Per Analysts as quoted in Mckinsey Article, Mobile Apps spend has gone up from 25B to 75B this year.
This is an exponential curve for sure – seems there is a lot of room for everyone to participate.
Article below illustrates more:
Mobile apps are becoming big business. Analysts estimate that app-related revenues reached $25 billion last year, on the way to more than $70 billion by 2017. App developers and the Apple and Google app stores aren’t the only ones profiting from this boom. A small but growing portion of app revenues comes from organizations making their data available through application programming interfaces1 1. APIs allow developers to access information from multiple companies and present it to mobile users in an app. In developing a travel app, for example, programmers would use the APIs from the websites of individual airliners to aggregate fares and flight schedules. Developers earn referral revenue when their mobile apps display products. (APIs can also create value by opening a company’s internal capabilities to the world.) (APIs)—gateways that, among other things, enable third-party app developers to leverage a company’s aggregated data or selected services.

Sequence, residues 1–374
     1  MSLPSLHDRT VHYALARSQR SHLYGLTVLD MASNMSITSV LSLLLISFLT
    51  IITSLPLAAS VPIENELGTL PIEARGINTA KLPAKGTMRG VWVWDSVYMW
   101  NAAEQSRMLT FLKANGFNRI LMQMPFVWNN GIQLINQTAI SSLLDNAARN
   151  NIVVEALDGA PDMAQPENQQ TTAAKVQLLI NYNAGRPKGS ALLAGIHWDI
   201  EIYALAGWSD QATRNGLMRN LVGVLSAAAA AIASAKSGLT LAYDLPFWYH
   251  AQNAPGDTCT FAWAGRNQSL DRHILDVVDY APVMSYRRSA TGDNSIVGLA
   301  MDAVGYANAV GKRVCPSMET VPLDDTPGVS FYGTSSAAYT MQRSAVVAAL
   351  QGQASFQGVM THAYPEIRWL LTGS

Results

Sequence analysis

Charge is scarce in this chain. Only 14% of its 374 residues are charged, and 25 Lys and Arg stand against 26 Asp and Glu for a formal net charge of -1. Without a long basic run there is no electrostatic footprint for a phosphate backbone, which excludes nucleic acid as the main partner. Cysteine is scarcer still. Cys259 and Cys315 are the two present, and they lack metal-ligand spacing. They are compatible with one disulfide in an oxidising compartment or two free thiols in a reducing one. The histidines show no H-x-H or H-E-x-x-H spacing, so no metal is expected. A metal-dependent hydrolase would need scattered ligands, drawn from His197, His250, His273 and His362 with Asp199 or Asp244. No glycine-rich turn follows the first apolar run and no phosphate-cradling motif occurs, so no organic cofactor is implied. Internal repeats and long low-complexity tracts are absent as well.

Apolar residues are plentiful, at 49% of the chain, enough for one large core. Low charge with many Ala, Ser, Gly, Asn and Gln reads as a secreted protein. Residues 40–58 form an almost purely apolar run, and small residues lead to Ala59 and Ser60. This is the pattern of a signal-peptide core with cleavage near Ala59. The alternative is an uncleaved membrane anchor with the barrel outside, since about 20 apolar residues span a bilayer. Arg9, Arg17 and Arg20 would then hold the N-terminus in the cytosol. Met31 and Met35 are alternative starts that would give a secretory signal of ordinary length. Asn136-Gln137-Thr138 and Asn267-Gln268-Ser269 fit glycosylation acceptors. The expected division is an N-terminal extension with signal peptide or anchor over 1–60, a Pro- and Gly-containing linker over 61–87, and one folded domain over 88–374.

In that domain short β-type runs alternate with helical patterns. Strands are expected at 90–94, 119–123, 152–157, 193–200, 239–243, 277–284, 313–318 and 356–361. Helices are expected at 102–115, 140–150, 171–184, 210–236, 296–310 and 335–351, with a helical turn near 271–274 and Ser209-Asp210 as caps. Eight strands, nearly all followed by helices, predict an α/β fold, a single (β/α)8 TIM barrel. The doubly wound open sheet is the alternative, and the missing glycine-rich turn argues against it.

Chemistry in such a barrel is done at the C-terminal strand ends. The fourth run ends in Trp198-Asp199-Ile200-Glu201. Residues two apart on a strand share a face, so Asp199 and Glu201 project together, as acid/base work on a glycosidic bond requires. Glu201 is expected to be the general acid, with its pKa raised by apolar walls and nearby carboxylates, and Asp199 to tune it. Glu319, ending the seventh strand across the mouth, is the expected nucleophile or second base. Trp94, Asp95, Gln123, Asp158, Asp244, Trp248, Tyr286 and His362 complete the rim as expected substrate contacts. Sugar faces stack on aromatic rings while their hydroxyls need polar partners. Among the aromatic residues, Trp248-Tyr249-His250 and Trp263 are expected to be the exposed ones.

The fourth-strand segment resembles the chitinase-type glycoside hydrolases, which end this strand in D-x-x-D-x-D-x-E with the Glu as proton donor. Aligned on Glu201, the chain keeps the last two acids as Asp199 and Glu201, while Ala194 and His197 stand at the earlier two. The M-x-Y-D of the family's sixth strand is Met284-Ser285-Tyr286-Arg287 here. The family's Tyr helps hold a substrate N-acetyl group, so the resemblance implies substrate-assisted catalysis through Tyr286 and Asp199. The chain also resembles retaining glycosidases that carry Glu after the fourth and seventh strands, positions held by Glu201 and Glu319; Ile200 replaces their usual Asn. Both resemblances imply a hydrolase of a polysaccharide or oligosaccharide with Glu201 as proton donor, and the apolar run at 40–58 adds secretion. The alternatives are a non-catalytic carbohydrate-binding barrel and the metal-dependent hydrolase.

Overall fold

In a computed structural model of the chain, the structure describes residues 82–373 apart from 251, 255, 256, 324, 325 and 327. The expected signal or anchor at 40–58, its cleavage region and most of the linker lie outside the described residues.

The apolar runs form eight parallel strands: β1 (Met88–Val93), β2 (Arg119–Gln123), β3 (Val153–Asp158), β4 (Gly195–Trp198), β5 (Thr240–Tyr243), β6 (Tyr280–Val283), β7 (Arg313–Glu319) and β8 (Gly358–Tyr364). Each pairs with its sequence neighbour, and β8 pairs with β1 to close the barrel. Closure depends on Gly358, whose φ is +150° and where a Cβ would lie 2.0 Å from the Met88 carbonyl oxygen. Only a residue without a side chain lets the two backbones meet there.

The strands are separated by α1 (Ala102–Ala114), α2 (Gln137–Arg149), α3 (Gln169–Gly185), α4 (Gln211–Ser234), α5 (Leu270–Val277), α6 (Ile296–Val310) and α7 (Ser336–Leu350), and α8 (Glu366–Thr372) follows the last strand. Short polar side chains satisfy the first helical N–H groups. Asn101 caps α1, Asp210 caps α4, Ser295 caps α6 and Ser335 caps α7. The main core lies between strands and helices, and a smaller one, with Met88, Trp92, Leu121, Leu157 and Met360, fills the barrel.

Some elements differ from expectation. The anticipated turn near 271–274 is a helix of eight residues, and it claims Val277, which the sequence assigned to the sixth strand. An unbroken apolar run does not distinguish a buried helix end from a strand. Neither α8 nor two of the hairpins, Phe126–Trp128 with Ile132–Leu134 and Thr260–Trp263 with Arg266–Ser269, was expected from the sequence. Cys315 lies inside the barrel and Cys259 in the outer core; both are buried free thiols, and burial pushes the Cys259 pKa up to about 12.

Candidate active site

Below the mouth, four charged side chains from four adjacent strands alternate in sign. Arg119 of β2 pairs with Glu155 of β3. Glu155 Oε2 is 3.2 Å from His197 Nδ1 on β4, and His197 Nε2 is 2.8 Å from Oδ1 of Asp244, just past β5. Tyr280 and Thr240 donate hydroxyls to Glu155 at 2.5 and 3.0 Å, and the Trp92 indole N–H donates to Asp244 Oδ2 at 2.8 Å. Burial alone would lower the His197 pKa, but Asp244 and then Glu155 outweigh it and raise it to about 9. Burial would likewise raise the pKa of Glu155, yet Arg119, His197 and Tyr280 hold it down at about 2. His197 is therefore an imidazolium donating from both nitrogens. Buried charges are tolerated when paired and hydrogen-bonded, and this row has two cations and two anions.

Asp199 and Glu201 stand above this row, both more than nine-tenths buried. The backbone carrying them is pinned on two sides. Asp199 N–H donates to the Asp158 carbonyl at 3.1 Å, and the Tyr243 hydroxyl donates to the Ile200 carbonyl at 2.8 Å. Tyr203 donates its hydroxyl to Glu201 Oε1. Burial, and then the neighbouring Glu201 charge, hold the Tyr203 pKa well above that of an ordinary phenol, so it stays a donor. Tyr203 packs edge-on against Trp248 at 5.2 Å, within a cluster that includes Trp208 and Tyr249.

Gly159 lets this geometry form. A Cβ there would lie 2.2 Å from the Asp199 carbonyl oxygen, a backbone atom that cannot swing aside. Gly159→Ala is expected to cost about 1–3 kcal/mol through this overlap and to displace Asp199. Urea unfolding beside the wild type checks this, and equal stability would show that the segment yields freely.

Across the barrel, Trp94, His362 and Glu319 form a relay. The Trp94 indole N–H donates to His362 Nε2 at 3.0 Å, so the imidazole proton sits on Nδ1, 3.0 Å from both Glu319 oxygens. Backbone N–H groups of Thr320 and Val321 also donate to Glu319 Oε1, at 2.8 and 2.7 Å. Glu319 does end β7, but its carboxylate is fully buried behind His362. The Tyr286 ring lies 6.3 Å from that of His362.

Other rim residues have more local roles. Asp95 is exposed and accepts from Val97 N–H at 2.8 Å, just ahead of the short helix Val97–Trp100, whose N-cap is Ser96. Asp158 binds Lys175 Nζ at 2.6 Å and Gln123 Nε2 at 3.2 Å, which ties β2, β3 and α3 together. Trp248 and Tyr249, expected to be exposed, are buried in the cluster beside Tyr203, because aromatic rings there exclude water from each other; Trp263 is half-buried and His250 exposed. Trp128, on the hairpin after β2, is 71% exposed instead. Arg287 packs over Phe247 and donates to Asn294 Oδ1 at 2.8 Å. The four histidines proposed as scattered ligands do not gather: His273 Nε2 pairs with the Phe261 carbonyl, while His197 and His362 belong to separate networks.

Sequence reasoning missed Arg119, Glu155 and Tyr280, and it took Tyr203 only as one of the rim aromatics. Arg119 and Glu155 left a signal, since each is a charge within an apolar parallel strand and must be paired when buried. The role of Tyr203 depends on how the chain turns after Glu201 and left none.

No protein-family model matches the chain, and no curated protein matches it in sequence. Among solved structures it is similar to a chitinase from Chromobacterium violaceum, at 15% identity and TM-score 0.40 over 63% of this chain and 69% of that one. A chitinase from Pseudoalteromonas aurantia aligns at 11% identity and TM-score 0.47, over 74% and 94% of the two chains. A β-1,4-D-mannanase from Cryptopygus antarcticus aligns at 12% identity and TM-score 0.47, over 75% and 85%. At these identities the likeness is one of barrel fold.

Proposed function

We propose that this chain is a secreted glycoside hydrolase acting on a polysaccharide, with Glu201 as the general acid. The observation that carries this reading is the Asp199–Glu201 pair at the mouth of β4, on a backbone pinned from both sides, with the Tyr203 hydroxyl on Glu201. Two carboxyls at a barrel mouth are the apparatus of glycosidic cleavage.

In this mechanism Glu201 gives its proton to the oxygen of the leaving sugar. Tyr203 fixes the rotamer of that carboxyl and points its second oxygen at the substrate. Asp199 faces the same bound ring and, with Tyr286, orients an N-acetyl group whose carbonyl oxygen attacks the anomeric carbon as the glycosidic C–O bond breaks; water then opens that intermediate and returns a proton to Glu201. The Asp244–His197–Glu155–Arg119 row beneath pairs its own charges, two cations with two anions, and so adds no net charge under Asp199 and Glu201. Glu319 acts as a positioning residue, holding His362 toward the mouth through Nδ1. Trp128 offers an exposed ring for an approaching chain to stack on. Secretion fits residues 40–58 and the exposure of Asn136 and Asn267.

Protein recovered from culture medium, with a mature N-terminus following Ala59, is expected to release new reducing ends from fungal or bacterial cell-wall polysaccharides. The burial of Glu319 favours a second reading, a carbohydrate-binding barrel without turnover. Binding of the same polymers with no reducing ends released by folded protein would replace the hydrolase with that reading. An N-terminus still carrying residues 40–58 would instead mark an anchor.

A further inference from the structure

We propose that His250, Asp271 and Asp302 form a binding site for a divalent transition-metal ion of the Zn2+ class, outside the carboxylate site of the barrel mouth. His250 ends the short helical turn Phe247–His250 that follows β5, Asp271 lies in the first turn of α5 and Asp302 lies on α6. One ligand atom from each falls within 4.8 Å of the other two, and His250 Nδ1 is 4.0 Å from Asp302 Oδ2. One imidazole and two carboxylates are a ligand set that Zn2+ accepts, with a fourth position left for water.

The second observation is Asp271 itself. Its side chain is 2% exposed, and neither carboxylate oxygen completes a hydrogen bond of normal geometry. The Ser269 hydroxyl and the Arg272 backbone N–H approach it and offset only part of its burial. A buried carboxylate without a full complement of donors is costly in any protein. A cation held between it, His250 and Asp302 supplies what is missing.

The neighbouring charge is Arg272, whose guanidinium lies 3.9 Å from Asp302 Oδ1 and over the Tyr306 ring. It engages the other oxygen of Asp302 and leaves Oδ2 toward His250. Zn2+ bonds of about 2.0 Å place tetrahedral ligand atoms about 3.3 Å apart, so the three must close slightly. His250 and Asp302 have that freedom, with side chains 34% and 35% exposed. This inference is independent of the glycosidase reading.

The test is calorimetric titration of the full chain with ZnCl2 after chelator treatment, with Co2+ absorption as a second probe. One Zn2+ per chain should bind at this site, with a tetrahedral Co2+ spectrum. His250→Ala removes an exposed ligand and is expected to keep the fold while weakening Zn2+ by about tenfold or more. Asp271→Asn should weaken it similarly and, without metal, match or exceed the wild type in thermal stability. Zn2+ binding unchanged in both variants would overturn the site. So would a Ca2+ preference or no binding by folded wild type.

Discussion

There are reasons not to pursue APIs, of course, starting with the desire of many companies to have more direct control over their data. But our analysis indicates that APIs are generating revenues in one of three ways for the companies that choose to contribute their data (exhibit). Under the pay-per-use model, a company makes its transactional data available to third party apps that, for example, compare prices or analyze customer behavior. Subscription models are similar, but fees accrue during a subscription period rather than per use. Resource-usage and revenue-sharing models typically generate sales of a company’s own products (for example, on an online storefront), from which the app developer too gets a cut.
APIs are generating revenues in one of three ways for companies that choose to contribute their data.
As revenue opportunities and the potential for deep engagement with more customers grow, the role of APIs in broader business-planning discussions is expanding. In those conversations, it is essential for organizations to ensure that their desire to make money from their data does not interfere with their responsibilities as stewards of the customer’s private data.
About the authors
Neha Ajmera is a consultant in McKinsey’s Silicon Valley office, Livia Sato is a consultant in the San Francisco office, and Brian Stafford is a principal in the New York office.